in Thoreau’s Journal:
Many maples have lost all their leaves—and are shrunk all at once to handsome clean grey wisps on the edge of the meadows where crowded together at a distance they are like smoke. This is a sudden and important change— Produced mainly I suppose by the rain of Sunday 10th. The autumnal tints have commonly already lost their brightness— It lasts but a day or two Corn spurrey & spotted Polygonum & Polygala
Fair Haven Pond methinks never looks so handsome as at this season. It is a sufficiently clear & warm rather Ind. Summer day—and they are gathering the apples in the orchard— The warmth is more required & we welcome & appreciate it all. The shrub oak plain is now a deep red—with grayish withered apparently white oak leaves intermixed — The chicadees take heart too & sing above these warm rocks. Birches hickories—aspens &c in the distance are like innumerable small flames on the hill sides about the Pond.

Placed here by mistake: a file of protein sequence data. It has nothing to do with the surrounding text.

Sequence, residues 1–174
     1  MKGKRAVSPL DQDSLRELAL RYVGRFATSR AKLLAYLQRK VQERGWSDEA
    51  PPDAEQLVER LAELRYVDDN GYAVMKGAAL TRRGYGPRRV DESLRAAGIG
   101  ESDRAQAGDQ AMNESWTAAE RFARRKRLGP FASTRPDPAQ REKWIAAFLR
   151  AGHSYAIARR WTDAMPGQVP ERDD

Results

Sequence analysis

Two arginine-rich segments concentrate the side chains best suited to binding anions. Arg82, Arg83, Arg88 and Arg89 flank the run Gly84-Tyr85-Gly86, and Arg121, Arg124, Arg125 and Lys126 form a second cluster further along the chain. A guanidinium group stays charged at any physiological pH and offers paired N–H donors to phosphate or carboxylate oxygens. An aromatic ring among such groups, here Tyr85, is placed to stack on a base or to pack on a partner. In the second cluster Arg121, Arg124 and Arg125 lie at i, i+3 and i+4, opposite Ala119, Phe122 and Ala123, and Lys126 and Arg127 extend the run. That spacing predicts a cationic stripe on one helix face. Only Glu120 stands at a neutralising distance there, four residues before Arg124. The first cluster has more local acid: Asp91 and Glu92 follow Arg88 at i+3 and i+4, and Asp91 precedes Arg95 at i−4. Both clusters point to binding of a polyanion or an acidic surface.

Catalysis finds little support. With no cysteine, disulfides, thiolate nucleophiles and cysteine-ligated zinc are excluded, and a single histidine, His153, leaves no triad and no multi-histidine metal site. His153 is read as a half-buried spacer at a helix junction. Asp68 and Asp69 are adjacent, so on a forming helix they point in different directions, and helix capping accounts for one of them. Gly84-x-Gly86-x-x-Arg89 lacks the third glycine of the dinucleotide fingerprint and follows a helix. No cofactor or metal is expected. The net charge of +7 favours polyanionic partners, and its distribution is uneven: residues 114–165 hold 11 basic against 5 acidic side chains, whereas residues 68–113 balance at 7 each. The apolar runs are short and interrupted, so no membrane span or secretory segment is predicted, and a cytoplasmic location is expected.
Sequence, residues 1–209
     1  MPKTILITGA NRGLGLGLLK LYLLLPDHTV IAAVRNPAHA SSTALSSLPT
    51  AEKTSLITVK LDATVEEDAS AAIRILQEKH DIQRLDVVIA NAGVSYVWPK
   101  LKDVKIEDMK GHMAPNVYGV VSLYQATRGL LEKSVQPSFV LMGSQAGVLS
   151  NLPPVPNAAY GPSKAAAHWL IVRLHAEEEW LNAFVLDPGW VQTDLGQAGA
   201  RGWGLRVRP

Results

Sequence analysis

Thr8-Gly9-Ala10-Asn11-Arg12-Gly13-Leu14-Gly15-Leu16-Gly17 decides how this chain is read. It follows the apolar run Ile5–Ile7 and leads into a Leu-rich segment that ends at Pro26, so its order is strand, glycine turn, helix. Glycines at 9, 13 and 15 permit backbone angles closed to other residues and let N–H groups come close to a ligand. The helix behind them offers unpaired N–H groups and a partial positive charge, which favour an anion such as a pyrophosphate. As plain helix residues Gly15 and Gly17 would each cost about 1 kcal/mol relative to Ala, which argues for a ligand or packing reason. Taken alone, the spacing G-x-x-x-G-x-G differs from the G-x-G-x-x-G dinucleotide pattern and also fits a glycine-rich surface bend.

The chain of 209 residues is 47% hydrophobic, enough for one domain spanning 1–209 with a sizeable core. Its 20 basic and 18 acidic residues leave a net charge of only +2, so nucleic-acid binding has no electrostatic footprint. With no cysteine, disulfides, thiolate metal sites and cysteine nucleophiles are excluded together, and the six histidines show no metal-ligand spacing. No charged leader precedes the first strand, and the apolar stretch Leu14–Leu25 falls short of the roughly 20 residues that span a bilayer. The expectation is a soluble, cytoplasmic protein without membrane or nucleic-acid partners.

The Pond is now most beautifully framed with the autumn tinted woods & hills— The water or lake from however distant a point seen is always the center of the landscape. Fair Haven lies more open & can be seen from more distant points than any of our ponds. The air is singularly fine-grained—the sward looks short & firm. The mts are more distant from the rest of the earth & slightly impurpled. Seeming to lie up more. How peaceful nature— There is no disturbing sound, but far amid the Western hills, there rises a pure white smoke in constant volumes.